Alfred Rieboldt with a hound dog and a raccoon in 1973.
Alfred Rieboldt with a hound dog and a raccoon in 1973.

When Alfred Rieboldt arrived in Haney in 1960, he was already more than 60 years old.  He had moved here from Port Coquitlam and Deep Cove – a community that considered him something of a legend because of his tall tales, love of life and boundless enthusiasm.

Over the years, Alfred had worked as a millwright, shipwright, commercial fisherman and odd job specialist before retiring to devote his life to the study of nature and forestry.

Although his nickname was “Frenchy”, Alfred was German and had served in the German army during the First World War.  He spoke German, French, English, Latin, and Greek and lectured in universities and colleges on etymology, the origin of languages.

The five-acre site he purchased on Tamarack Lane became his own personal forestry and wildlife preserve and a haven for countless waterfowl.  Over the years, families of raccoons, foxes, Canada geese, different varieties of ducks and other creatures called the place home, but he was better known to the public for his dogs and his decrepit vehicles.

Alfred Rieboldt in 1973, feeding some ducks.
Alfred Rieboldt in 1973, feeding some ducks.

Alfred was a character in every sense of the word, but was thoroughly knowledgeable on a wide range of topics and he maintained an ongoing interest in civic matters.  In 1973 he ran for mayor against the incumbent Gerry Trerise and challenger Betty Dube.  He didn’t win, but his comment at an all candidates meeting, “If you can’t vote for me, vote for Betty Dube” was regarded as a turning point in the election.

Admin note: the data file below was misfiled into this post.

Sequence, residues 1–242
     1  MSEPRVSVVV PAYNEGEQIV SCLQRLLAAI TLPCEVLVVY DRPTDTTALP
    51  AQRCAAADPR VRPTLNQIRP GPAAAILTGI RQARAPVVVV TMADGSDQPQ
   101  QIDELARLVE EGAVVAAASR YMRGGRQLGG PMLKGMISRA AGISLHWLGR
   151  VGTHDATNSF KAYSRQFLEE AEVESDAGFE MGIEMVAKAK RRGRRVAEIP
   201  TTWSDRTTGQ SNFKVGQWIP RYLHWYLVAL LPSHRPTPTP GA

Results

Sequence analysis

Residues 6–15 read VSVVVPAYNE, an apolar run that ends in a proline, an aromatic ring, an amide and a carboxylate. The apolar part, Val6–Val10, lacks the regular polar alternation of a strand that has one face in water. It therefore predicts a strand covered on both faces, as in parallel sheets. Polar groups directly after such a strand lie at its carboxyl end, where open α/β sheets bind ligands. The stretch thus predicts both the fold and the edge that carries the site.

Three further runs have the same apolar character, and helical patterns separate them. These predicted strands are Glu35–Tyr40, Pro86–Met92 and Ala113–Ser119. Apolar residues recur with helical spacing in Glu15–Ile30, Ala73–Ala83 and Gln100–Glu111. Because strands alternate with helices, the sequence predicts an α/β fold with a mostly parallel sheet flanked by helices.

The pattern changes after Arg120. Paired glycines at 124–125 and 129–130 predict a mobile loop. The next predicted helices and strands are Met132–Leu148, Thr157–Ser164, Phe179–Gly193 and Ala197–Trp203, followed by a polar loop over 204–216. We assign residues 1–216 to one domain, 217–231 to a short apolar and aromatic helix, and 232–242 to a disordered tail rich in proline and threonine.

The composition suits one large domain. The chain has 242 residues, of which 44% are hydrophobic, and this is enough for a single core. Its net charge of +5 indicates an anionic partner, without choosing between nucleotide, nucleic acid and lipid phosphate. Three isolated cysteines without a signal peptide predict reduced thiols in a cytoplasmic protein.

In his declining years, with only distant relatives in Germany as family, Alfred became concerned over the future of his Tamarack Lane refuge.  He offered to leave it to Dube, but she convinced him to leave his estate to the people of Maple Ridge.  He did, and the transformation of the property into a park became the first project for the newly formed Maple Ridge Foundation.  Alfred died in March of 1975.

In 1976, with the blessing of Mayor Norm Jacobson and help from the Alouette Field Naturalists, the Maple Ridge Foundation was formed with a mandate to develop the property into a park.  Dr. Bob Rhodes, a local physician and horticulture buff, was the first president.

Rhodes later recalled that the concept of the foundation originated with a group of local people, including George Grieve, a director of the park and recreation commission and a member of municipal council.  Grieve attended a seminar in Spokane, Washington, where he was impressed with results of a foundation that had been set up in that city of 1951.  The Spokane model was brought north to Maple Ridge, and planning and fundraising began.

The park was completed with a caretaker’s house and public washrooms, and opened to the public in October, 1984.  Today it includes an interpretation area with botanical information, a display of antique farm equipment and a covered picnic area.